'Short-lived charge will be cost lorries'

FREIGHT businesses have urged councils across Greater Manchester to rethink their proposal to charge lorries and vans a daily fee in a bid to tackle harmful emissions. The Freight Transport Association (FTA) has described the benefits of Clean Air Zones as “short-lived” and costly, saying that money could be better invested in other ways. It has put forward alternative ways of improving air quality in a document sent to Transport for Greater Manchester (TfGM).

Head of urban policy Natalie Chapman told The Bolton News that freight businesses will have to change their vehicle fleets as part of the natural replacement cycle, making the Clean Air plans unnecessary. She said: “We absolutely support what’s trying to be achieved here. There’s still a desire to improve the air that we are breathing.

But this hits hardest those who can least afford to change their vehicles. At some point the fleet replacement cycle would replace itself.” Under the GM Clean Air proposal sent to government earlier this year, non-compliant buses, taxis and HGVs would be charged on certain routes from 2021 and a GBP7.50 per daily charge for vans would begin in 2023.

Greater Manchester also asked for GBP59m towards upgrading lorries and vans, GBP29m to support a switch to greener buses, and GBP28m to clean up taxi cabs and private hire vehicles. But the government offered only GBP36m to install cameras to fine non-compliant vehicles and told the 10 councils to bring forward plans to include vans in the charging scheme to 2021. According to the FTA, the compliant Euro 6 vehicles required under the plans will enter the vehicle fleet of their own accord as part of the natural fleet replacement cycle.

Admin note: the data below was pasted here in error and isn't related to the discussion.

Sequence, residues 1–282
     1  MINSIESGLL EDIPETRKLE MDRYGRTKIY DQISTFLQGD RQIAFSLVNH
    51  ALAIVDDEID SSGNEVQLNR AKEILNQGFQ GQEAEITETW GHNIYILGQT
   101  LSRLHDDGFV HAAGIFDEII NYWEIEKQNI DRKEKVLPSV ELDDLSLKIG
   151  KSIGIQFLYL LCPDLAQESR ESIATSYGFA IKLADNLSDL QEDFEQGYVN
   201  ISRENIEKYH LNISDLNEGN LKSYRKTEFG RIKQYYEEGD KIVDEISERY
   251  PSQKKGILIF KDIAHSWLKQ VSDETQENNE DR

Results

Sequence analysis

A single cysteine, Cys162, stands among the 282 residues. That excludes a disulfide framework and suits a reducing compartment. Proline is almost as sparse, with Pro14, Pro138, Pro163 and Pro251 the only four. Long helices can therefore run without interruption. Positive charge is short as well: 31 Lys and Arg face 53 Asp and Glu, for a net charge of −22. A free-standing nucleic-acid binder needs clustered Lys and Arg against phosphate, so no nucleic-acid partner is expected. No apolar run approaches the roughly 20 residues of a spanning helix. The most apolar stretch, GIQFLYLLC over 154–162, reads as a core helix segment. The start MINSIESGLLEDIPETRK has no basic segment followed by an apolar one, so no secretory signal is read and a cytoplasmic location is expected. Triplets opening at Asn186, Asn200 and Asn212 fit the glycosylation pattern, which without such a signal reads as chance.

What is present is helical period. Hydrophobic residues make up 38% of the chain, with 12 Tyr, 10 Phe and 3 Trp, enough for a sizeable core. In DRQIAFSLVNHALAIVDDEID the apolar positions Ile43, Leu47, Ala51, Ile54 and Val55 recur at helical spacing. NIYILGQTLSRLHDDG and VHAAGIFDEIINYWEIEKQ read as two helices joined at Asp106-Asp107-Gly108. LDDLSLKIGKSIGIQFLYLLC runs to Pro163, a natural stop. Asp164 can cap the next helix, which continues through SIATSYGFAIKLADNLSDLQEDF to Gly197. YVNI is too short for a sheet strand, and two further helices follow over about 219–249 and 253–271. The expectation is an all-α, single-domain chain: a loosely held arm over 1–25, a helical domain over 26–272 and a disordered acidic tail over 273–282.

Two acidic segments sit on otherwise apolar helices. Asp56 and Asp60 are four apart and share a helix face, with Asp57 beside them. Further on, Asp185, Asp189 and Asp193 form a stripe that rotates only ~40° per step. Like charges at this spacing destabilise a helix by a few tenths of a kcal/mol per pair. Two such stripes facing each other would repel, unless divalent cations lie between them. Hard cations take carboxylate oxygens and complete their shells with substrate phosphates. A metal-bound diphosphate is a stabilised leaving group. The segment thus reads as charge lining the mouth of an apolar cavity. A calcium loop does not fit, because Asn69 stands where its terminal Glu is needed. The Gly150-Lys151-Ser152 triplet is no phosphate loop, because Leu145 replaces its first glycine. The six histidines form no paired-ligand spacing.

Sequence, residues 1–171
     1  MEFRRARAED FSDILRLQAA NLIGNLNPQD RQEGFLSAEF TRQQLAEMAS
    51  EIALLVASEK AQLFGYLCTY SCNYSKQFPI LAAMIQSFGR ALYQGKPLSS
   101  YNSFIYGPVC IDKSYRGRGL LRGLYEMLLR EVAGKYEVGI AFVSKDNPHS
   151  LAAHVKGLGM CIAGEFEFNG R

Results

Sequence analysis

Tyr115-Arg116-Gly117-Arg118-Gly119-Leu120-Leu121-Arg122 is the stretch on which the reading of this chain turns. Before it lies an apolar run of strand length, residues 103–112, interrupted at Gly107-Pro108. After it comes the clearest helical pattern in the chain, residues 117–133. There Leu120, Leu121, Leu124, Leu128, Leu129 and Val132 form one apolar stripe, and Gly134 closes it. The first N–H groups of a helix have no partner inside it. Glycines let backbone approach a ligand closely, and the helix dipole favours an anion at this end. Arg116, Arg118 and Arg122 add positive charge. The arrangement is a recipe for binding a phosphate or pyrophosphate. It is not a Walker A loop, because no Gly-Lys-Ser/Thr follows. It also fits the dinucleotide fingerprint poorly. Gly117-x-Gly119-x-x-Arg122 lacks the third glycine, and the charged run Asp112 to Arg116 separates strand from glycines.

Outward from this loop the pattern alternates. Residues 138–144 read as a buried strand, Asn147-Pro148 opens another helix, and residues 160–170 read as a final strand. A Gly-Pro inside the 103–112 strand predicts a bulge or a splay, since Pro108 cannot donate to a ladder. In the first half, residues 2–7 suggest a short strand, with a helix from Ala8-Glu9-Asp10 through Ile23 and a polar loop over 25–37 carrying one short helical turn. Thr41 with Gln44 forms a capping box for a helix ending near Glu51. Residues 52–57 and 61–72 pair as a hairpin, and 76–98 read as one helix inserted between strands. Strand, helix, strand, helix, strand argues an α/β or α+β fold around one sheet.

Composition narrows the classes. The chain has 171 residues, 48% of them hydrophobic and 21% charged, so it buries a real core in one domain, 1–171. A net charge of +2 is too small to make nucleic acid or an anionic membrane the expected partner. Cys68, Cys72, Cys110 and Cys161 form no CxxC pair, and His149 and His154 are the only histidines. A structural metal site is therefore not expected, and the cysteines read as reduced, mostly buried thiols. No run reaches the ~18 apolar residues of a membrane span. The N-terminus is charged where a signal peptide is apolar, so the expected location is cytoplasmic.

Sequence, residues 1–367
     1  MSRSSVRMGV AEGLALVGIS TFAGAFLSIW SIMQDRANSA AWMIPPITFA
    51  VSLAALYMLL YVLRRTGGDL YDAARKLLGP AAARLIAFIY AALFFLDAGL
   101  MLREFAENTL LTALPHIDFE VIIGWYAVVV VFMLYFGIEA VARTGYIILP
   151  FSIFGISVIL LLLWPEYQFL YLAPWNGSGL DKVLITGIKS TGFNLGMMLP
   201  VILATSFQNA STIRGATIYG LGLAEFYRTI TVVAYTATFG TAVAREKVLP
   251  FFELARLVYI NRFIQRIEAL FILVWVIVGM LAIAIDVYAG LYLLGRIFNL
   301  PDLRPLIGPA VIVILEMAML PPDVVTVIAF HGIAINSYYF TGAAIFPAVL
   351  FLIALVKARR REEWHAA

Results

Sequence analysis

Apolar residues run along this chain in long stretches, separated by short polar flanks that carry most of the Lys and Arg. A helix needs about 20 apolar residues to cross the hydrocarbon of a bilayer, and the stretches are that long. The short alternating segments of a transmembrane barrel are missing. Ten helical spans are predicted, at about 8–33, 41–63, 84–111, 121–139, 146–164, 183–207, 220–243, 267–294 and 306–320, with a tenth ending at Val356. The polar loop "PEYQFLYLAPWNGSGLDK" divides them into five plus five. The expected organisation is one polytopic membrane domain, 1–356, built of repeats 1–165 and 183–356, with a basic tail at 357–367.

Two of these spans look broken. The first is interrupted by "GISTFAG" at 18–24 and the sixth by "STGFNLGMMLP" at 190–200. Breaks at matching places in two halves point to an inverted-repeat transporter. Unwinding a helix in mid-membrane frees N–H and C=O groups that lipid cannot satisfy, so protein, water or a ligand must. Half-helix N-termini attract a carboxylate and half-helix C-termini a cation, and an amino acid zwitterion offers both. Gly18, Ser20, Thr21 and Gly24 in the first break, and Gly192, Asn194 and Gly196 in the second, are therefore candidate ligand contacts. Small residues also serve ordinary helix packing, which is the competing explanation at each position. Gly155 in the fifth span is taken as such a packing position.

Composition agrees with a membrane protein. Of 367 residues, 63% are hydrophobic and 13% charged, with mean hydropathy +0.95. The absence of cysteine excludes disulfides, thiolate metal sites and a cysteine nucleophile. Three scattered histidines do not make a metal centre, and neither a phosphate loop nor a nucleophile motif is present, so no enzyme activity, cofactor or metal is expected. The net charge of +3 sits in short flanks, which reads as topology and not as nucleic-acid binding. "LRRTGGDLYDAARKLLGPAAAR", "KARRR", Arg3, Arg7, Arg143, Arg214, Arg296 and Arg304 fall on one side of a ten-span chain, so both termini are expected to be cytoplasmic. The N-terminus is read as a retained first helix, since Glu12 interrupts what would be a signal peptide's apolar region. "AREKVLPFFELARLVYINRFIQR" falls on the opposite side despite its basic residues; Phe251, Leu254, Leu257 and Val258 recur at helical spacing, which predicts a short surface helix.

Euro 6 standard has been mandatory in all new trucks since the beginning of 2014. At the start of 2021, the FTA estimates, based on historic fleet turnover patterns, more than half of the UK truck fleet will be Euro 6. The FTA has proposed alternative measures to tackle air pollution including congestion management, retiming deliveries to avoid morning peaks and incentivising the uptake of alternatively fuelled and electric commercial vehicles.

A spokesman for Clean Air Greater Manchester said: “Greater Manchester is one of many UK authorities instructed to develop a Clean Air Plan to bring levels of harmful nitrogen dioxide (NO2) on local roads within legal limits as soon as possible. “A wide range of measures that could help reduce roadside NO2 levels have been considered, and extensive work carried out to help develop the current proposed package of measures. “We have engaged with the Freight Trade Association and other representative bodies while developing the current Clean Air Plan proposals, and will continue to do so.”

A final business case of the proposal is expected to be completed by the end of the year after.

To find out more online, visit cleanairgm.com/clean-air-plan.

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